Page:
Joseph Yoakum and adventurous facts
Joseph Yoakum has us going between the mundane quality of things in front of us and the extra-ordinary quality of their reasons in the world
It is in trying to trace back Joseph Yoakum’s life that a significant clue to understand his work begins to appear. From miswritten birth certificates and self-fictions, to unclear genealogy or locations, the investigation around his character soon requires a lot of surrendering. It seems now that a lot of biographical errors were published. Much of what he told about his life was said to be invented. But despite his romanticized life-stories, much of it is grounded in facts.
[A retrospective exhibition of Joseph Yoakum is currently on view at the Art Institute of Chicago. Ed.]
What we can gather is that Joseph Elmer Yoakum was born in Missouri in 1890 to a former slave (French-American, Cherokee and African-American descent) and a Native American, in a family of ten children. Yoakum says to have been born in 1888 near the village of Window Rock, Arizona. No record was found of him being born in that area. Worked in railroad circuses, as a horse-handler, billposter, miner, janitor, carpenter, served in France in WWI, married twice, travelled four continents… but unclear or exaggerated testimonies of the many lives of Joseph Yoakum still leave us a blurred-out map of who he was. Yet these stories don’t seem to contradict each other. They merge or overlap in a long adventure. We are never entirely mislead. Same as for his life story, we have to accept to dive into his vaporous drawings with a trust that won’t ask for explanations. He mostly began to draw at the age of 72 in Chicago, and within those ten years before he passed away, he produced around 2000 drawings.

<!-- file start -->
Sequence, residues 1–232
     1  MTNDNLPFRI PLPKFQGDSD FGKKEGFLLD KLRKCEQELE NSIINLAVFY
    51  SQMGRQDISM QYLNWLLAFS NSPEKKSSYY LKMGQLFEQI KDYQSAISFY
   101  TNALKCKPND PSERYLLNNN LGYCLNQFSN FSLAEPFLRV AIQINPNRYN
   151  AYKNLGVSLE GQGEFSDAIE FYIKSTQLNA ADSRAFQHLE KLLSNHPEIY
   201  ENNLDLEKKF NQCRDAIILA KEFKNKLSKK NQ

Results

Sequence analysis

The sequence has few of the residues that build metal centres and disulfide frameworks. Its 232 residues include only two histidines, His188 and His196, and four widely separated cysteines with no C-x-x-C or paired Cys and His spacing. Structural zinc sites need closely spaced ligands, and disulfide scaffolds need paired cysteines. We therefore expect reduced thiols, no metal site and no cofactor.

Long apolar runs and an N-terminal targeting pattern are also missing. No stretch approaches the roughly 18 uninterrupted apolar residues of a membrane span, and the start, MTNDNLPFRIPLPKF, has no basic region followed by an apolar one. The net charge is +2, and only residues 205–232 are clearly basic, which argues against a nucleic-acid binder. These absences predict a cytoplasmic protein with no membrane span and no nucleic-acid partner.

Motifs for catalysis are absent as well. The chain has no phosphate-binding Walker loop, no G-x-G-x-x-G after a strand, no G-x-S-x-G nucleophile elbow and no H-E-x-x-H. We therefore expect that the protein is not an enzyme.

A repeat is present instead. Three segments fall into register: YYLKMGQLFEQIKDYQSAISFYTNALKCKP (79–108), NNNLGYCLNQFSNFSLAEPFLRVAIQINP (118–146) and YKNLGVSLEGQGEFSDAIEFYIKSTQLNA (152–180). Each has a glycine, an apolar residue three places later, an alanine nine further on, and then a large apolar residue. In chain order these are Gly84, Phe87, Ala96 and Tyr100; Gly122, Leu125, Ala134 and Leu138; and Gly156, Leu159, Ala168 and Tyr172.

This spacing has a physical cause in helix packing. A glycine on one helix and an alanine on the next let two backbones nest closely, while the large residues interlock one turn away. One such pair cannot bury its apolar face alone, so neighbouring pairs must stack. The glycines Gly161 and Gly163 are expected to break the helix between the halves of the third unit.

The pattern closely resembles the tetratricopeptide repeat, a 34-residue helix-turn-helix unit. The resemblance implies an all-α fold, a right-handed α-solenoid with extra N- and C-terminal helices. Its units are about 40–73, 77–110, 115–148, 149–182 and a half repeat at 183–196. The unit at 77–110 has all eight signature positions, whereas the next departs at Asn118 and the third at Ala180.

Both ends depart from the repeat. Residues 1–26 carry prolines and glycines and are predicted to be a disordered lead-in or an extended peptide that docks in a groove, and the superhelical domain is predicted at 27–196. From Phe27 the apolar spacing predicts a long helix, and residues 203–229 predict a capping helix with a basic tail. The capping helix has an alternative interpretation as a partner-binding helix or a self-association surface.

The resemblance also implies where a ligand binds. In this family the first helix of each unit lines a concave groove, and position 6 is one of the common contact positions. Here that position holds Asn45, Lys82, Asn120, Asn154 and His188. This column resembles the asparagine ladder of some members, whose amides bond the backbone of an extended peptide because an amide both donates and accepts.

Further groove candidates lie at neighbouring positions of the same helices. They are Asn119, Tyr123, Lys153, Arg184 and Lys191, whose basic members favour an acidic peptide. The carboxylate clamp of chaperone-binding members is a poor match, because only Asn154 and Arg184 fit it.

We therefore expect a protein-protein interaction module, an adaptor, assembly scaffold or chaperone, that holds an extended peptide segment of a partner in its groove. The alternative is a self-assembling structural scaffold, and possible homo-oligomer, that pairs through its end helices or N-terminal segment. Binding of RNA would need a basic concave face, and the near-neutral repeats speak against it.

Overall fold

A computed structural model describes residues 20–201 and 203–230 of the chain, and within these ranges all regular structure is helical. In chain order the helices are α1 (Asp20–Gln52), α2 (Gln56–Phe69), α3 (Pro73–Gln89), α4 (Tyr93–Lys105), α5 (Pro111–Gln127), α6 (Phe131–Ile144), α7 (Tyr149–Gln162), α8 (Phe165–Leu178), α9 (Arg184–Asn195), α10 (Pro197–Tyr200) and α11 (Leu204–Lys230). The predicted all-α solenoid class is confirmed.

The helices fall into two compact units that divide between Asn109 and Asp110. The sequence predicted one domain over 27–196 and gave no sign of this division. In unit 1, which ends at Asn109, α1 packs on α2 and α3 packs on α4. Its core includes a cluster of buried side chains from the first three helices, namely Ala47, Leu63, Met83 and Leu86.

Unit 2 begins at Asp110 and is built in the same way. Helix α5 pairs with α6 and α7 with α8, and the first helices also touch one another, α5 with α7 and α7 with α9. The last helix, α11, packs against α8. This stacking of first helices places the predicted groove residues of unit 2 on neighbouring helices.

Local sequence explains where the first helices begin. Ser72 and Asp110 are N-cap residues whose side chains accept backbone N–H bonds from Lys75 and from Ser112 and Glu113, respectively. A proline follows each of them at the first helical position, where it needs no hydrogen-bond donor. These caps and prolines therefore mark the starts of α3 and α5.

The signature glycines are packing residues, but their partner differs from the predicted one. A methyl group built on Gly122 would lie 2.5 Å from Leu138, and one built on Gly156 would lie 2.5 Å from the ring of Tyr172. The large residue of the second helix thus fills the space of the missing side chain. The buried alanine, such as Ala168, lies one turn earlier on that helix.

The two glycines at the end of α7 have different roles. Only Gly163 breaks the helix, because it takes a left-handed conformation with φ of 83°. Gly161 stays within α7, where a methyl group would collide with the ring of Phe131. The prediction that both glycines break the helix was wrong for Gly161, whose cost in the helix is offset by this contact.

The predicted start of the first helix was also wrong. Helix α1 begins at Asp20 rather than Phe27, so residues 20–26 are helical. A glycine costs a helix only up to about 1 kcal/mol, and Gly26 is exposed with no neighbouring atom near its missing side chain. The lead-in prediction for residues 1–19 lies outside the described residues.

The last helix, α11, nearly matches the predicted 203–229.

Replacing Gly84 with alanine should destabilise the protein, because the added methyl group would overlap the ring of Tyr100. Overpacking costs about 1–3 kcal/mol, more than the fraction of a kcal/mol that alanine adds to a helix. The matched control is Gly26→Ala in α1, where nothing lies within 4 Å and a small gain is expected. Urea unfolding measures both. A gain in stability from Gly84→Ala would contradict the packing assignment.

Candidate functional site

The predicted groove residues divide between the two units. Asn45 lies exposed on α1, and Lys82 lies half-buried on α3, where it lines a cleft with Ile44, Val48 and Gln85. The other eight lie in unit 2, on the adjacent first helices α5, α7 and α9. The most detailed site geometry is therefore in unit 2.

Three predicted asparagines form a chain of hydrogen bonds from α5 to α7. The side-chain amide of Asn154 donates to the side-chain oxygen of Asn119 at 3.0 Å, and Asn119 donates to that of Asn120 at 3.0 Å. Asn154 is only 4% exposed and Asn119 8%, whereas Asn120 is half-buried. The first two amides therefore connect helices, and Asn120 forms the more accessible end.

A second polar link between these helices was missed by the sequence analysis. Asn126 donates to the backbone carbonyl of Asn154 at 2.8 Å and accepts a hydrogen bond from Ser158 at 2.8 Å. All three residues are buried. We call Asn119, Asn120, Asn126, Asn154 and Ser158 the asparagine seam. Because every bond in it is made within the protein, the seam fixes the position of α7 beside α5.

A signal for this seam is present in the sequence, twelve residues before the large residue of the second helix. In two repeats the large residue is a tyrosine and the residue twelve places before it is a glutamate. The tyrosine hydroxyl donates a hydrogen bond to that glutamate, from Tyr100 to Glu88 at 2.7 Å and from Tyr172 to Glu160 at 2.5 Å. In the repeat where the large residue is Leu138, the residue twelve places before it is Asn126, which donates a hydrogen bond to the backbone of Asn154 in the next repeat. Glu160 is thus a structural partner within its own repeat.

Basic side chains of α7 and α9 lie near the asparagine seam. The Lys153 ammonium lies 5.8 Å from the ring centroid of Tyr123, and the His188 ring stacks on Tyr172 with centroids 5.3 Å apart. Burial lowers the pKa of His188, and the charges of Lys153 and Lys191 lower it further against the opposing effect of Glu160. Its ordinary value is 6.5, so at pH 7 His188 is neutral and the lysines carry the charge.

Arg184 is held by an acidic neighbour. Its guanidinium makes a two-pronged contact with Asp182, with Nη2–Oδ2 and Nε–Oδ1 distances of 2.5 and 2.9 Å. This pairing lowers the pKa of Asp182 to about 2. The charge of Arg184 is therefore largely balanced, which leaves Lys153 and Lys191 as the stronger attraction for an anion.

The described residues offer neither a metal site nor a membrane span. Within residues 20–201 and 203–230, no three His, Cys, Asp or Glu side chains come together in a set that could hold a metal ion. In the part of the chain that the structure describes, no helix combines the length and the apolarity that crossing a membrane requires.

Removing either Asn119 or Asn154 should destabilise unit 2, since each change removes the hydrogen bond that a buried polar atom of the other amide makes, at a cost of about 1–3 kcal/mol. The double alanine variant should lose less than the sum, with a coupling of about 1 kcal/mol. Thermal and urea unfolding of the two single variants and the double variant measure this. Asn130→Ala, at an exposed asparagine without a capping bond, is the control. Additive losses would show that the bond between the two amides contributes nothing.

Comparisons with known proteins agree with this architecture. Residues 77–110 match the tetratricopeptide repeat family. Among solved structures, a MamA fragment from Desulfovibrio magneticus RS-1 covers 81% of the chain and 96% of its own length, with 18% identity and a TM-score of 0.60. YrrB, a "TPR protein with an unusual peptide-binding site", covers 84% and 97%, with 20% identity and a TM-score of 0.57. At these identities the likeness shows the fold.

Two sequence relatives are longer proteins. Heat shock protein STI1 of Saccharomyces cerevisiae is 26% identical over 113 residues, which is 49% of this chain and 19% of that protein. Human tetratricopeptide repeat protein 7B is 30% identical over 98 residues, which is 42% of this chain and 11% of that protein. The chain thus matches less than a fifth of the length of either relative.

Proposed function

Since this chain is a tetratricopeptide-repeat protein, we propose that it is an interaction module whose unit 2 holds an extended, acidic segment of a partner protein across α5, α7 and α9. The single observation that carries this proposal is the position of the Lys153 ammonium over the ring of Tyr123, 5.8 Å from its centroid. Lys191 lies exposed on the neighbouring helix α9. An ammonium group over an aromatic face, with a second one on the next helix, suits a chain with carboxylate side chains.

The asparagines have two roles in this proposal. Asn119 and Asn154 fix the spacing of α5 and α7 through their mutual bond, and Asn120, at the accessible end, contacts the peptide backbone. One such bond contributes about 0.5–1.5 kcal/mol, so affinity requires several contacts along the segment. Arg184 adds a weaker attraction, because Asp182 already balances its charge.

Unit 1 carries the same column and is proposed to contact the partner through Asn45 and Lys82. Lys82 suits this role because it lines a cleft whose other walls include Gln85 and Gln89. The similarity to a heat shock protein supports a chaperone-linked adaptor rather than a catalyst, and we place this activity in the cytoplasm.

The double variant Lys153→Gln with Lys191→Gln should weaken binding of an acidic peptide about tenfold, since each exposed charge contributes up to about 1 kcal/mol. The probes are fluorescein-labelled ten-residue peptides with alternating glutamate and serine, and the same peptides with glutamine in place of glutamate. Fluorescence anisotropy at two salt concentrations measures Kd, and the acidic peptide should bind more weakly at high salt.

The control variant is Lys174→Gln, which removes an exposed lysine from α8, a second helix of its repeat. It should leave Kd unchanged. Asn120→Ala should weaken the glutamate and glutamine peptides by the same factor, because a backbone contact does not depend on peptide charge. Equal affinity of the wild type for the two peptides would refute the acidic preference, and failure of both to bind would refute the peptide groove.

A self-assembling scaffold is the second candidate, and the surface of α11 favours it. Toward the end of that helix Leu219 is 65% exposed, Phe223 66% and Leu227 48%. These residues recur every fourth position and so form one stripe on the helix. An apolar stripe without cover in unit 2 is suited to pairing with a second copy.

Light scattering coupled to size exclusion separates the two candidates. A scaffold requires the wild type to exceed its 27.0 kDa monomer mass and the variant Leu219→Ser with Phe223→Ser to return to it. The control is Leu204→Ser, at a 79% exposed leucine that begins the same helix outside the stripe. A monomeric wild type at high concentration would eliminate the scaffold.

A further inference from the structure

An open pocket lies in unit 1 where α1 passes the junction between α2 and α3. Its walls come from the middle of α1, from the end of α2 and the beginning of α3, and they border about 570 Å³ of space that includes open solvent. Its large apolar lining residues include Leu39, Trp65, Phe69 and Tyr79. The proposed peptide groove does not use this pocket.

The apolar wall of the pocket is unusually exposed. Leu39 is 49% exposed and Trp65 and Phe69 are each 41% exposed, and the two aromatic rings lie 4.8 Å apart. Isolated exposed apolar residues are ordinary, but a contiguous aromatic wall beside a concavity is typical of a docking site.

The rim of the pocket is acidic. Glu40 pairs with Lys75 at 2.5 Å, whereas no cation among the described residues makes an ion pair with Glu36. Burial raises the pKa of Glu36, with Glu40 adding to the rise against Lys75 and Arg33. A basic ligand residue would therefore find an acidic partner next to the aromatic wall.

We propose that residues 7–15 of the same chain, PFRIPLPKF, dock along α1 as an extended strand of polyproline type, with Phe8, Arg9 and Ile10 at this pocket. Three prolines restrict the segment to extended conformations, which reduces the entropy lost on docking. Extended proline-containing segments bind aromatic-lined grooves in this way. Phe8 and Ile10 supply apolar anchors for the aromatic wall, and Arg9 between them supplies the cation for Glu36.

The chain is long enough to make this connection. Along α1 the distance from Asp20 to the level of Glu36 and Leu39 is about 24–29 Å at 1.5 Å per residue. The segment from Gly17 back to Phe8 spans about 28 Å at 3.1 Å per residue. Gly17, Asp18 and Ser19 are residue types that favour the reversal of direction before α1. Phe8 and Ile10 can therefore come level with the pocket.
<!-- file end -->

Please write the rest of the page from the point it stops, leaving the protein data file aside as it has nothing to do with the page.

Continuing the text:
The perspective in them is mostly flattened but natural elements are fluid and vibrating. Rocks, trees or clearings are as if bending under some kind of strong wind. If there is a feeling of depth in some drawings, it is often contradicted by flat backgrounds. The representation of topography is schematically aestheticized, reminding of 16th century Persian paintings as much as pre-Columbian art.
What one could brutally summarize as childish is a seek for clear and simplified depiction of a context. If a place was populated by cows, or full of trees, this imagery will be taken from contemporary sources, creating signs that will be serially repeated throughout the drawing. Yoakum’s work seems to be about recognizing and understanding. His pictures are images as an atlas would have, and at the same time they are filled with vague sensations.
Joseph Yoakum was essentially a loner. There is a simultaneous sense of belonging and not belonging in the views offered by his landscapes. The sense of belonging is a transcending one, a recognition of lands, a becoming together within floating territories. The not-belonging sadly seems more daily. It carries the everyday reality of being an African and Native American in the United States in the 1950s, with the generalized lack of access to the most simple things this implied. Yet his drawings feel like they are diluted and fuelled by many experiences in many other “places where life was much easier for blacks” as he said.
[For more about racism and the 1950s American art world, here is the story of Horace Pippin. Ed.]